Wednesday, March 12, 2008

Hedge funds' exit hits coffee prices

Is the cupper of cheer heading towards a microscope slide after having enjoyed price
increase for a couple of
years? The new pricing trouble
stems from two factors: The issue of respective big hedgerow finances from international
coffee hereafters contracts and the fearfulness of a oversupply owed to a bumper java harvest in
Brazil. The Brazilian harvest is expected to lift by about 10 million bags â€"
to about 53 million bags (of 50 kilogram each) â€" and is expected to hit the
market in
September-December. With
derivatives, equities and share marketplaces slumping, planetary hedgerow finances have
increasingly establish trade goodss like gold, java and India rubber as good fund-parking
spaces. They put heavily into trade goodss hereafters contracts and issue when
prices peak. That’s what happened in the first hebdomad of March and that in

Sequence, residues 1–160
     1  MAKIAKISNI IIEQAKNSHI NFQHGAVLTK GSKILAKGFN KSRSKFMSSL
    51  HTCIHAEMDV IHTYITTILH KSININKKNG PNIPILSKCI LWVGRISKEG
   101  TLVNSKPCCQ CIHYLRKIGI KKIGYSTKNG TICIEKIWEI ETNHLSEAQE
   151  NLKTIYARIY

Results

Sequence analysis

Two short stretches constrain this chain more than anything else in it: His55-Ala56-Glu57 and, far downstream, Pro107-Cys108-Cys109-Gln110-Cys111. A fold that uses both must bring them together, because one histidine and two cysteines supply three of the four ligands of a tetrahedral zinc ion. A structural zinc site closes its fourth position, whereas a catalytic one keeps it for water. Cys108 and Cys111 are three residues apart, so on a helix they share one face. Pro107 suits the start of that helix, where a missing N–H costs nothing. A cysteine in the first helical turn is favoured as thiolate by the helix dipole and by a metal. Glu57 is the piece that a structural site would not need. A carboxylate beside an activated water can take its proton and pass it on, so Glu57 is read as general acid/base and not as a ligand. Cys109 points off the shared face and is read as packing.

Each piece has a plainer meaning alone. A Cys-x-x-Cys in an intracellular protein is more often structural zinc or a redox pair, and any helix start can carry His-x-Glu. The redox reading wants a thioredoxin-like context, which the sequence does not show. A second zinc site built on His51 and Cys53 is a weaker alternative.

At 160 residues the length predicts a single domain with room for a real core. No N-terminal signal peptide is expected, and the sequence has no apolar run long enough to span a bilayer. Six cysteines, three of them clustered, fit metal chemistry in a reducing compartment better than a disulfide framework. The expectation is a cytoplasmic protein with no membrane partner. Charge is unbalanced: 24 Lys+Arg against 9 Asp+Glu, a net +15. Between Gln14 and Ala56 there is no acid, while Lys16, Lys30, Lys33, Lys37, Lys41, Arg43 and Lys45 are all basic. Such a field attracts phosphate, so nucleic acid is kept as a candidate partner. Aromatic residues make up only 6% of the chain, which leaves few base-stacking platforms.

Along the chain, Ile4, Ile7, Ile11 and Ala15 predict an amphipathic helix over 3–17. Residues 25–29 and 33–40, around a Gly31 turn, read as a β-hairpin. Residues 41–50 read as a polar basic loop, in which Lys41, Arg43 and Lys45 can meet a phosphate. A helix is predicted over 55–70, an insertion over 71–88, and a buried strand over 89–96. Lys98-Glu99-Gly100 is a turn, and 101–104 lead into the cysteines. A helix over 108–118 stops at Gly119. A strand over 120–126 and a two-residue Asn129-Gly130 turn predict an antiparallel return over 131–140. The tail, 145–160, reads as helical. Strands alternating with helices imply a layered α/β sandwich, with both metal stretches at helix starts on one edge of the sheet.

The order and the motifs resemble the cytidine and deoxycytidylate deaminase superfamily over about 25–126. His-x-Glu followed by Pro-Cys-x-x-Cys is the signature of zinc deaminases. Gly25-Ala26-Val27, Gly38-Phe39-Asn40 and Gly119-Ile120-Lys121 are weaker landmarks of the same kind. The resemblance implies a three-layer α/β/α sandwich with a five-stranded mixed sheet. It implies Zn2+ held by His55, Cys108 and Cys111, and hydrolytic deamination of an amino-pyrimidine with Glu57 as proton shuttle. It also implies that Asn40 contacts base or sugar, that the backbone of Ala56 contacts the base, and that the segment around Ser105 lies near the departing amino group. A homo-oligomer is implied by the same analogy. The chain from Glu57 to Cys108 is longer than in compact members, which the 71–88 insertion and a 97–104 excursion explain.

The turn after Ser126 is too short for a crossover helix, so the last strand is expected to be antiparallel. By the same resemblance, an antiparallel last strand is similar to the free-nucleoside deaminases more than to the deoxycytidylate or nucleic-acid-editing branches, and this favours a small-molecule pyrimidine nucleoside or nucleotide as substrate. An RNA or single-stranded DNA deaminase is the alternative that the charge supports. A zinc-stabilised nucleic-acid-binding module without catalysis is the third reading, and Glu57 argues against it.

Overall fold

turn started sending the java prices
down. According to United
Planters’ Association of South Republic Of India (Upasi) sources, the terms of
arabica and robusta touched a 10-year and 30-year high respectively on February
28. Arabica was traded at 167 cents a lb on that twenty-four hours before it slipped to 148
cents on March 3 while terms of robusta per metric ton drop from $2,750 to $2,507. On an average, the issue of
hedge finances resulted in a terms diminution of 20 cents per lb of arabica and a
drop of around $300 per metric ton of robusta, traded on the New House Of York and London
International Futures Exchange
respectively. Coffee is the
second biggest traded trade goods in the human race in footing of value and volume, after
petroleum. Paper trading of java have always oversize the physical trading of
it. "A series of investors
ranging from large-scale hedge funds, java finances and angel finances put in
paper coffees. When terms are up these investors begin cashing out and start
scouting for other parking options. Coffee is a scrip that tin be actively
traded. Prices are subject to sentiments, motions of other commodities,
competition, basics and kinetics that are completely different from that
of stock markets," said sphere expert Harish Bijoor.

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